Despite increased attention to fire and life safety in recent years, there has not been a noteworthy decrease in the noncompliance rate with the Environment of Care Standard EC.02.03.05 that addresses the requirements for maintenance, testing and inspection of fire safety equipment and building features, according to an article on the FacilityCare website.
Standard EC.02.03.05 repeatedly makes The Joint Commission’s top 10 list of most frequently cited standards.
To ensure compliance with this standard, it is critical for hospital facility directors to be familiar with the related code requirements themselves and knowledgeable about their interpretation, the article that takes a look at some of the most challenging requirements under EC.02.03.05, as well as discuss changes related to the upcoming adoption of the NFPA 101 Life Safety Code 2012 edition.
This first article in a series focuses on Element of Performance (EP) 1, which addresses the requirements for supervisory signal devices.
EC.02.03.05-EP1 states: “At least quarterly, the hospital tests supervisory signal devices (except valve tamper switches). The completion date of the tests is documented. NFPA 72 1999 edition groups and classifies a supervisory signal device as an “initiating device,” along with smoke detectors, heat detectors, and manual pull stations.
Per NFPA definition, a supervisory signal initiating device is “an initiating device such as a valve supervisory switch, water level indicator, or low air pressure switch on a dry-pipe sprinkler system in which the change of state signals an off-normal condition and its restoration to normal of a fire protection or life safety system; or a need for action in connection with guard tours, fire suppression systems or equipment, or maintenance features of related systems.”
These supervisory signal devices shall be tested on a quarterly basis, except for control valve switches, the article said.
NFPA 72 1999 edition lists five types of initiating supervisory signals: control valve switch, high- or low-air pressure switch, room temperature switch, water level switch and water temperature switch.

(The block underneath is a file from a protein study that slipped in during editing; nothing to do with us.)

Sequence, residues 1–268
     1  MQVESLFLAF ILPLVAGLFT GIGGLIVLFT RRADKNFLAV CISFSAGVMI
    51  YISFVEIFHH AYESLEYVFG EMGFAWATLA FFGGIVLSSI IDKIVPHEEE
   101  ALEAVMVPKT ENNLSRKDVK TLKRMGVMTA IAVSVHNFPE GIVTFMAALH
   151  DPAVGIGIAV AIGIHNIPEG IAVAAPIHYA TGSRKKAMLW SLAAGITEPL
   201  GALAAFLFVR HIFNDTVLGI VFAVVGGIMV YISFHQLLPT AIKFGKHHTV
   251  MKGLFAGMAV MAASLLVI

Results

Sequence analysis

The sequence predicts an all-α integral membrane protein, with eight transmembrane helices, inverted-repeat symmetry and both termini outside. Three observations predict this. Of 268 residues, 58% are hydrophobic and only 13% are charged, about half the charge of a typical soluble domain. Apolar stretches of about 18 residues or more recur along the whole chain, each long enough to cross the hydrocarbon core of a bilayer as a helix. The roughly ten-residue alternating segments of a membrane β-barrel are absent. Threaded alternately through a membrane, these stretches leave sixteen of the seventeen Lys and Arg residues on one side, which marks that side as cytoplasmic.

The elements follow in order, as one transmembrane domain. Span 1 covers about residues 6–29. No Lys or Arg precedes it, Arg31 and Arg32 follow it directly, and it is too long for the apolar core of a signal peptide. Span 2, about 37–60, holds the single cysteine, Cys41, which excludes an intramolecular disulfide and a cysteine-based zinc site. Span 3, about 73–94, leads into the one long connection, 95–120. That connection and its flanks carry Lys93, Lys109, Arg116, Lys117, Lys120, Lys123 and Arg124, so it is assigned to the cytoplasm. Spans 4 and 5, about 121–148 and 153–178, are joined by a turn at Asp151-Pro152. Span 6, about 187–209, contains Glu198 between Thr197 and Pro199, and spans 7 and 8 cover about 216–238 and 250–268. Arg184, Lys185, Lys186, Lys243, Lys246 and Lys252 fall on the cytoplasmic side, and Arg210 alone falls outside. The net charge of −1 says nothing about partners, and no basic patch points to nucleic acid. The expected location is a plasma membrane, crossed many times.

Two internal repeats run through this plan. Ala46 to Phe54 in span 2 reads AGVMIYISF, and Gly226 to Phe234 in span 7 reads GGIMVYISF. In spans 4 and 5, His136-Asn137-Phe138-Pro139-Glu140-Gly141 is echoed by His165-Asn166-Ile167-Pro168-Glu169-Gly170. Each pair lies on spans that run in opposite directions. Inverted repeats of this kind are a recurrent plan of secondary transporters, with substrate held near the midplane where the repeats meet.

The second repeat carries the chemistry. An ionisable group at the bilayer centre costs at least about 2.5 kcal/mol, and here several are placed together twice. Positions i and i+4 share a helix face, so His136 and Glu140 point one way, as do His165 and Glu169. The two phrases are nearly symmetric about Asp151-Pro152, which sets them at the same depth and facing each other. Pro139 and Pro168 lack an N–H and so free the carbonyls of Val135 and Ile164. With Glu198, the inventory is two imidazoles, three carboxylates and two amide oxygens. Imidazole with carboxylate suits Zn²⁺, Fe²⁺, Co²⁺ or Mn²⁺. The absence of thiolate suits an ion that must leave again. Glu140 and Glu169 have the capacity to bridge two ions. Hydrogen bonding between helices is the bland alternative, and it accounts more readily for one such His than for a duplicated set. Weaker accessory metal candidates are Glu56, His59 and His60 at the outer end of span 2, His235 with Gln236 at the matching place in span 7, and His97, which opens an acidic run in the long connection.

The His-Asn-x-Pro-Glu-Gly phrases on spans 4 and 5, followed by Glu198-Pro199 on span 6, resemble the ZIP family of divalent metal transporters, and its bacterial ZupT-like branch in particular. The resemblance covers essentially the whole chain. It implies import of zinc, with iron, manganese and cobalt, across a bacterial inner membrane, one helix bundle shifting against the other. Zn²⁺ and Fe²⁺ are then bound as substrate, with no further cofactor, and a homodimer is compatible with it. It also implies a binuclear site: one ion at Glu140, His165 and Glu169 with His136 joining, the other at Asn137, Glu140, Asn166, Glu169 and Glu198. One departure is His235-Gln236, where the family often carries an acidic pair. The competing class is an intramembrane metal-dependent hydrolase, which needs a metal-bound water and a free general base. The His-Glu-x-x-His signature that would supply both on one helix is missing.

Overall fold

According to the article, the complete list of supervisory signals goes beyond these five types listed. Supervisory signals, in general, often are overlooked during the testing, inspection and maintenance of the fire alarm system.
Once the 2012 version of the Life Safety Code is adopted, NFPA 72 2010 edition also lists two new types of supervisory signals in Table 14.4.5: “other suppression system supervisory initiating devices,” which have to be tested quarterly, and “other supervisory initiating devices,” which have to be tested annually.
Annex A (A.22.214.171.124) NFPA 72 2010 edition lists examples of supervisory signals, which include, but are not limited to:
• Control valves 1 ½ inches or larger.
• Pressure, including dry-pipe system air, pressure tank air, pre-action system supervisory air, steam for flooding systems and public water.
• Water tanks, including water level and temperature.
• Building temperature, including areas such as valve closet and fire pump house.
• Electric fire pumps, including running (alarm or supervisory), power failure and phase reversal.
• Engine-driven fire pumps, including running (alarm or supervisory), failure to start, controller off “automatic” and trouble (e.g., low oil, high temperature, overspeed).
• Steam turbine fire pumps, including running (alarm or supervisory), steam pressure and steam control valves.
Read the article.